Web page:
Structure and dynamics of water at surface probed by scanning probe microscopy
Ying Jiang1*
1International Center for Quantum Materials, School of Physics, Peking University, Beijing, China
* Presenter:Ying Jiang,
Water/solid interfaces are a central theme across an incredibly broad range of scientific and technological processes. Scanning probe microscopy (SPM) has been extensively applied to probe interfacial water in the past decades. However, there exist two longstanding limitations, which makes SPM fall short compared with conventional spectroscopic methods. First, H atoms of water molecule are very small and light, so it is very difficult to image them directly; Second, the water molecules are linked by weak H bonds, and it is highly possible to disturb the fragile water structure during the imaging process. In order to overcome these two grand challenges, we have developed a H-sensitive and weakly perturbative atomic force microscopy (AFM) based on a qPlus sensor [1]. The key lies in fine tuning the interplay between Pauli repulsive force and high-order electrostatic force using a CO-terminated tip. In this talk, I will first discuss the application of this technique to determine the microscopic structure of metastable water clusters [1]. In addition, we have unraveled the detailed atomic structures of ion hydrates at interfaces and the effect of hydration number on the ion transport [2]. Finally, I will show the ability of visualizing the growth of a two-dimensional ice in real space with atomic resolution, by capturing various metastable and intermediate structures during the ice growth at the ice edges [3].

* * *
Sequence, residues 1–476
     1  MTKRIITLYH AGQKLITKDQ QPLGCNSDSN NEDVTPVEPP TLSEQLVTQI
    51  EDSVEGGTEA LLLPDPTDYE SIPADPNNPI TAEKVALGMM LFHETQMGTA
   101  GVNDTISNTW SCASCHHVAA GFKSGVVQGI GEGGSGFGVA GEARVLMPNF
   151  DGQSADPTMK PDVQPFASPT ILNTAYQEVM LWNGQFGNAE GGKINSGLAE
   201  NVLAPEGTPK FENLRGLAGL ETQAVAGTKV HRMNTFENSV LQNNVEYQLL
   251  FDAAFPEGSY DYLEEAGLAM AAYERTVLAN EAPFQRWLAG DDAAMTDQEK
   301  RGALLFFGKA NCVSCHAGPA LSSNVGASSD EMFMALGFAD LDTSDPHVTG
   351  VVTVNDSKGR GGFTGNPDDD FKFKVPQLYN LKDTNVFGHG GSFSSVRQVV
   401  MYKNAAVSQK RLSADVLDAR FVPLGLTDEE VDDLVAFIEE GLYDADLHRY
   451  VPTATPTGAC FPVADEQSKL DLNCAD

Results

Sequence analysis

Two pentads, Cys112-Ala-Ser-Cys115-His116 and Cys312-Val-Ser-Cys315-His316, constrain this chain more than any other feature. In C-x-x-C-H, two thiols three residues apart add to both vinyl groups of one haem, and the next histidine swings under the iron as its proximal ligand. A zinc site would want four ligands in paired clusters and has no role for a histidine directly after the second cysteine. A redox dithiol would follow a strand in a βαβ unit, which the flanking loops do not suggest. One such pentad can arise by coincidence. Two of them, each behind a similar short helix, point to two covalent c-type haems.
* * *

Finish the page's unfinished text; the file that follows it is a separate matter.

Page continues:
[1] Peng et al., Nature Communications 9, 122 (2018).
[2] Peng et al., Nature 557, 701 (2018)
[3] Ma et al., Nature 577, 60 (2020)

Keywords: water, scanning probe microscopy, structure, dynamics